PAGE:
PJ Harvey

October 9, 1969
  • The alt rock singer, born Polly Jean Harvey, grew up on a sheep farm in Corscombe, a small village in Dorset, England. Her parents owned a stone quarrying business but were also heavily involved in music, organizing small gigs around West Country. Ian Stewart of the Rolling Stones was also a close friend and frequent guest in the Harvey household.
  • Harvey was inspired by her parents' record collection that included blues legends like John Lee Hooker, Howlin' Wolf, and Nina Simone, along with rock musicians like Captain Beefheart, Jimi Hendrix, and The Rolling Stones. Harvey said her teenage rebellion consisted of going to school discos and listening to Duran Duran. "My mum was horrified that I was buying Spandau Ballet records," she added.
  • PJ Harvey started out as a trio after the singer met drummer Rob Ellis and bassist Ian Oliver while performing in John Parish's rock ensemble Automatic Dlamini. Oliver ended up returning to Automatic Dlamini and was replaced by Steve Vaughan. (Parish went on to co-produce Harvey's third studio album, To Bring You My Love.)
  • PJ Harvey remained a trio through two acclaimed albums, Dry and Rid Of Me, until the pressures of fame and touring drove them apart. Polly Jean continued to record as a solo act using the name PJ Harvey.
  • Harvey rarely shares the meaning behind her songs. She explained in a 2004 interview: "I don't explain lyrics, and choose not to. The beauty of it for me is that everyone can interpret it in their own way. I don't choose to psychoanalyze my own lyrics either. Sometimes words come together because they sound really beautiful together."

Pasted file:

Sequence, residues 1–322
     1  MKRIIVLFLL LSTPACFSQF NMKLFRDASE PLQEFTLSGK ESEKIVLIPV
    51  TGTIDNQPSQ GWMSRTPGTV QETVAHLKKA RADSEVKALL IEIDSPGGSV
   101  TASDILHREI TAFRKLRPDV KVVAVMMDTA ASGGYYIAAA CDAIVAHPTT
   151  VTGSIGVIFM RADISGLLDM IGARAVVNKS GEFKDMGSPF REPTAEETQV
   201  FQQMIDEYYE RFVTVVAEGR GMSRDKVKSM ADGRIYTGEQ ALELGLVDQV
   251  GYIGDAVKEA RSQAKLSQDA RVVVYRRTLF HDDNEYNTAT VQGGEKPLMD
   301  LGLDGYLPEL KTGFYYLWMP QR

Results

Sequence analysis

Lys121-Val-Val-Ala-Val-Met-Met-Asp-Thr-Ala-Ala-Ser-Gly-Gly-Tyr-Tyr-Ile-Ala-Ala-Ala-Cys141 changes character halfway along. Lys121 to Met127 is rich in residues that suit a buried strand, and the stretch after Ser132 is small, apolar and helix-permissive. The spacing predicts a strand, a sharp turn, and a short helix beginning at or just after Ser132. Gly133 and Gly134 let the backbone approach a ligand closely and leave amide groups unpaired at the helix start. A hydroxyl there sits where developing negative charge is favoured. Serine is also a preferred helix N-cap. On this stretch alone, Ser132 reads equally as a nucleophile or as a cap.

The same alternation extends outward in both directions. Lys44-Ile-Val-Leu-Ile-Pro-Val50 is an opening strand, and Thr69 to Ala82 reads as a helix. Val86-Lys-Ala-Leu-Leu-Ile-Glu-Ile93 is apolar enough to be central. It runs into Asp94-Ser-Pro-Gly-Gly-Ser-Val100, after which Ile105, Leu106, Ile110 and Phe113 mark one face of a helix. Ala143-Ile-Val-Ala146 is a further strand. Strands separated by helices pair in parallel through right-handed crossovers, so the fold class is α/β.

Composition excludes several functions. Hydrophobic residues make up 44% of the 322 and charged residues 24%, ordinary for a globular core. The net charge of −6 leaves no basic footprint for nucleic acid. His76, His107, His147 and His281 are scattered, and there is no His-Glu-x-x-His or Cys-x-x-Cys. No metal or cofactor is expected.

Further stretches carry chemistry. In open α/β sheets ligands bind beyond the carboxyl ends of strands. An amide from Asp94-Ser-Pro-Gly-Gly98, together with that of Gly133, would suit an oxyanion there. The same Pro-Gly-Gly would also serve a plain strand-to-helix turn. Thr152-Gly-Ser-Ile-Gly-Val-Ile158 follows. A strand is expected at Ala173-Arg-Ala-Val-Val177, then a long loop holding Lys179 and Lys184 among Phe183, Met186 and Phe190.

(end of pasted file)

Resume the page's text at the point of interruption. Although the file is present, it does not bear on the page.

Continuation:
But unfortunately for Harvey, letting listeners come up with their own interpretations can lead to some pretty off-the-wall conclusions, as with her US breakthrough, "Down By The Water," about a woman who drowns her daughter. She told Spin: "Some critics have taken my writing so literally to the point that they'll listen to 'Down by the Water' and believe I have actually given birth to a child and drowned her."
  • In the mid-'90s, she had a brief but intense relationship with fellow alt rocker Nick Cave after performing together on his album Murder Ballads. Their breakup influenced his subsequent album, The Boatman's Call.
  • PJ Harvey's last tour as a trio was in support of U2 on their Zoo TV tour in the summer of 1993. A few months later, U2's manager Paul McGuinness started managing Harvey's solo career. Also, the band's frequent engineer and producer Mark Ellis, aka Flood, went on to co-produce several of Harvey's albums, starting with Is This Desire? in 1998.
  • She won the UK's esteemed Mercury Prize twice (the first artist to do so): in 2001 for Stories From The City, Stories From The Sea and in 2011 for Let England Shake. The first prize was awarded on 9/11, Harvey remembers: "It was very strange, particularly since we were in Washington. I woke up to people hammering on the door, saying the Pentagon was on fire – which we could see from our hotel. Sadly I didn't I feel at all present in terms of winning the Mercury Prize. And it was an honor for me to receive it."
  • Harvey's earlier work has her fighting for dominance over her male counterparts, whether she's twisting off the head of her cheating lover in the explosive "Rid Of Me," or stomping out the competition in the power anthem "50ft Queenie." But Harvey refused to be the feminist hero that critics wanted her to be. "I don't spend time thinking about feminism as an issue," she told Puncture in 1992. "To me, that's backtracking. You can talk about things too much and nothing will be done. I prefer to go ahead and do things and not to think about them. You get more done that way."
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